WASHINGTON, D.C. (WUSA) - 9 Wants to Know has learned that the controversial order thatallows PEPCO and BGE to bill for lost blackout revenue was intended toencourage energy conservation.
"It's difficult to understand the bill to begin with, andwhen consumers are alerted to the fact that there is this adjustment to makePEPCO whole when customers are saying hey, make me whole, people get prettyupset," said Eric Friedman with Montgomery County Consumer Protection."It adds insult to injury."
Although the order clearly states the reimbursements areintended "to implement energy efficiency," using it to bill customers who areconserving simply because there is no way for them to get electricity isperfectly legal.
Prior to OK'ing the billing in a January order, theMaryland Public Service Commission questioned whether it "inadvertentlyeliminated the incentive for the companies to quickly restore lost service tocustomers by authorizing the recovery of revenues foregone during extendedoutages."
Montgomery County officials objected to allowing theutilities to use the order intended to promote green power for reimbursingutilities when they can't bill customers because the lines are dead.
"To say to a customer, you've lost power for six or sevendays, you've thrown out all the food in your refrigerator and you're toldyou're going to pay a little bit extra," Friedman said."All because PEPCO lostmoney because you weren't buying electricitybecause they weren't delivering any electricity."
Despite the scrutiny, the commission allowed the billingto continue, but on a more restricted basis.
"The intent of decoupling (separation of energy andenergy delivery sales) was never to assure 100 percent recovery of costsregardless of utility performance during Major Storms," the January order stated."The BSAs were adopted to remove thedisincentive utilities faced to implement energy efficiency."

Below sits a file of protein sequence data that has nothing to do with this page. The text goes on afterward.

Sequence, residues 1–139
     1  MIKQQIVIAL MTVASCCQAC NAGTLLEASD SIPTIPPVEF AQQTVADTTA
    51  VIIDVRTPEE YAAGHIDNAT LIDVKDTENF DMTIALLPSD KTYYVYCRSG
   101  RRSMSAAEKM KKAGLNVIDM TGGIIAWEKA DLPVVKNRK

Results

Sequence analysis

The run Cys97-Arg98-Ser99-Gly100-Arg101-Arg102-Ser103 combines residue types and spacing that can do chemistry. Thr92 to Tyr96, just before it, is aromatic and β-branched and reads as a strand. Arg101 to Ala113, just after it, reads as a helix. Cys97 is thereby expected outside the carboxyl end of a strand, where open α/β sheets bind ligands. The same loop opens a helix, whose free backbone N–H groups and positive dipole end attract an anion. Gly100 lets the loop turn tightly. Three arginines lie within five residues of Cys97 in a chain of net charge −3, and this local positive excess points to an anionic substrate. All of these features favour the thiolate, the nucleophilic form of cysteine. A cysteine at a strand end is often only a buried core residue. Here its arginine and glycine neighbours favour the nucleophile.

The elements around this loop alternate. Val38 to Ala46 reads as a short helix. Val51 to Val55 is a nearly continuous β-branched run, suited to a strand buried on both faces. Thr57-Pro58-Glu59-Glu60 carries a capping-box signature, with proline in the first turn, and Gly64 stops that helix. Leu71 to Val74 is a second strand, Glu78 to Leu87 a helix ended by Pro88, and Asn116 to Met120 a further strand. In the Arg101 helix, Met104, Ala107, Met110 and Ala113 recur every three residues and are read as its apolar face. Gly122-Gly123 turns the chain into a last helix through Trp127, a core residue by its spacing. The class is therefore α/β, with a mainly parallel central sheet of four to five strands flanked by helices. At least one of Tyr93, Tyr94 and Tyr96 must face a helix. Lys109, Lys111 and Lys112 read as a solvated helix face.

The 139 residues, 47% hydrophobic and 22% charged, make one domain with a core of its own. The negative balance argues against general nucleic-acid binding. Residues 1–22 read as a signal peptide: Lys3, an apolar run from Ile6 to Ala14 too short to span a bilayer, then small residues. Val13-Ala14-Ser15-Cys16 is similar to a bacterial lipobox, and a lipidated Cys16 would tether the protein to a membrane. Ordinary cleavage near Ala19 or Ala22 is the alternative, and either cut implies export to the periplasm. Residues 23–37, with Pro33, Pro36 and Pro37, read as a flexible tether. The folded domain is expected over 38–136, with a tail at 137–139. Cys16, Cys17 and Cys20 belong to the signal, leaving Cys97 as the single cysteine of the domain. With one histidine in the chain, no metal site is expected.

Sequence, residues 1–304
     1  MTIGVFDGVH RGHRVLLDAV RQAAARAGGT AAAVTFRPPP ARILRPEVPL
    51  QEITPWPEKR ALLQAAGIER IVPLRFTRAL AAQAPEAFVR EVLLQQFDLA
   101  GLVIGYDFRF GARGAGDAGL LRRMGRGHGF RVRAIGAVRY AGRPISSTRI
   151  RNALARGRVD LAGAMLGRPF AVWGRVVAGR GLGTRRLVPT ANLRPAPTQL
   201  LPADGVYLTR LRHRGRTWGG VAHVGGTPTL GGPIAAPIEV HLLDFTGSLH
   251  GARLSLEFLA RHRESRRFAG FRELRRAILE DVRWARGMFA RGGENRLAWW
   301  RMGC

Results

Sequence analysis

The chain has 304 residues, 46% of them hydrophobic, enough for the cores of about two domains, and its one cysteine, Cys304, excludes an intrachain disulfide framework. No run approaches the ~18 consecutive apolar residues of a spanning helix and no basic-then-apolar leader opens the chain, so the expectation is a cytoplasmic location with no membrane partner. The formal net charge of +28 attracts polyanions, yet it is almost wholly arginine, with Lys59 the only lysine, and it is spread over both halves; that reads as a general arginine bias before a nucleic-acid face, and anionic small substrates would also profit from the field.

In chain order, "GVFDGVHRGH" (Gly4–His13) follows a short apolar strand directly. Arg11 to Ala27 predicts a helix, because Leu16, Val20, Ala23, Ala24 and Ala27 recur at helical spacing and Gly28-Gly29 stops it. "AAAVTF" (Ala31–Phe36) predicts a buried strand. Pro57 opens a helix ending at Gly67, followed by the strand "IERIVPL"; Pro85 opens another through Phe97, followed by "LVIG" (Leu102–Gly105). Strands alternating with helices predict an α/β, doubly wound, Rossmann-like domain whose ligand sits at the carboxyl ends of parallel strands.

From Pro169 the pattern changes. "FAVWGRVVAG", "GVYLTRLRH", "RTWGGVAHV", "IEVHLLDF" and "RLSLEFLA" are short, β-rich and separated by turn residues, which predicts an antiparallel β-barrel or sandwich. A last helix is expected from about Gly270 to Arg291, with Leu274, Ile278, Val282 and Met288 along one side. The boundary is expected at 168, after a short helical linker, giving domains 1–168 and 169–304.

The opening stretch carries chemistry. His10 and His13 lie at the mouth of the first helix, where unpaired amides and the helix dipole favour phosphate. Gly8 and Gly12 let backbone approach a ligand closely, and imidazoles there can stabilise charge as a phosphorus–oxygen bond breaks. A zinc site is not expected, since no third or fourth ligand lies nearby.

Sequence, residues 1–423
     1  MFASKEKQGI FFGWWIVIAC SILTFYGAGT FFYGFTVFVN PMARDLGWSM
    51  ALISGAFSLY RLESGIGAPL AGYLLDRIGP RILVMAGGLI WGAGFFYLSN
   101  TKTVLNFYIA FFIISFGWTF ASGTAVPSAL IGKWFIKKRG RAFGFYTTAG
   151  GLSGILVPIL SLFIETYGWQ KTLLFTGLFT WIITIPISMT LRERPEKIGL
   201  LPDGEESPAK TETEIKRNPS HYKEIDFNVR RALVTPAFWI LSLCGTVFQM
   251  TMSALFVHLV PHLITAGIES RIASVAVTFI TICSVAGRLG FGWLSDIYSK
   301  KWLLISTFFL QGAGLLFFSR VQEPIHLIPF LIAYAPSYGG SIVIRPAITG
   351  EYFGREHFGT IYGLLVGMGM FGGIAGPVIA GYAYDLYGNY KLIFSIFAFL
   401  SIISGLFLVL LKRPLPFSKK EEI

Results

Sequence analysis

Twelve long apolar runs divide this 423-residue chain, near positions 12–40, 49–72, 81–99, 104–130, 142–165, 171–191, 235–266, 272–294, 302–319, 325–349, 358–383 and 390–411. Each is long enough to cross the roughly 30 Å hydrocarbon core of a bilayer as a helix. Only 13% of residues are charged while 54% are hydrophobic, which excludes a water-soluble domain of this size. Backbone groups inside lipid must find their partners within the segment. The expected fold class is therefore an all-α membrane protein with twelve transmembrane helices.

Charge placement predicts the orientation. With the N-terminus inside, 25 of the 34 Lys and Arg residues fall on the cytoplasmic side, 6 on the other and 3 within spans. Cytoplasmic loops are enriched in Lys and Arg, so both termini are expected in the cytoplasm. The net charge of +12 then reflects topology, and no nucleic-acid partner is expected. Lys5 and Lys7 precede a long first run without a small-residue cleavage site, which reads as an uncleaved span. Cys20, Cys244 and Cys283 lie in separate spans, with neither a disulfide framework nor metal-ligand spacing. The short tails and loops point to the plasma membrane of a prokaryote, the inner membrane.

Officials say the order was originally intended to help utilities manage the dips in revenue created by supporting energy conservation programs.
In January, the Commission restricted utilities topassing on costs for lost power delivery fees to the first 24 hours of theoutage.
Utility spokesmen say you won't see the cost until Augustor September.
"For BGE, the impact of the 24 hour period would notaffect customers' bills before the fall," said BGE spokesman RobertGould. "Our expectation is that the 24 hour period will equate to lessthan 50 cents per customer"
PEPCO wouldn't provide an estimate of what it would costits customers and officials are split on estimates.
An attorney with the state consumer division Office ofPeople's Counsel estimated it would be less than a dollar per person.
A spokeswoman for Maryland Governor Martin O'Malley saidit could be less than a dime for each customer.
"In the event of an outage like we just saw, they canonly apply that charge to the first 24 hours of the outage," said O'Malleyspokeswoman Raquel Guillory."So, themost PEPCO customers will pay is about 13 cents. For BGE customers, thatwould be about 8 cents."
According to the order, Pepco has recovered the most fromcustomers under BSA, but that was prior to regulators restricting thereimbursement to the first 24 hours.
In a July 2010 storm it recovered $1,392,197 while BGErecovered $81,319 and Delmarva billed customers for $35,017 in lost revenue.
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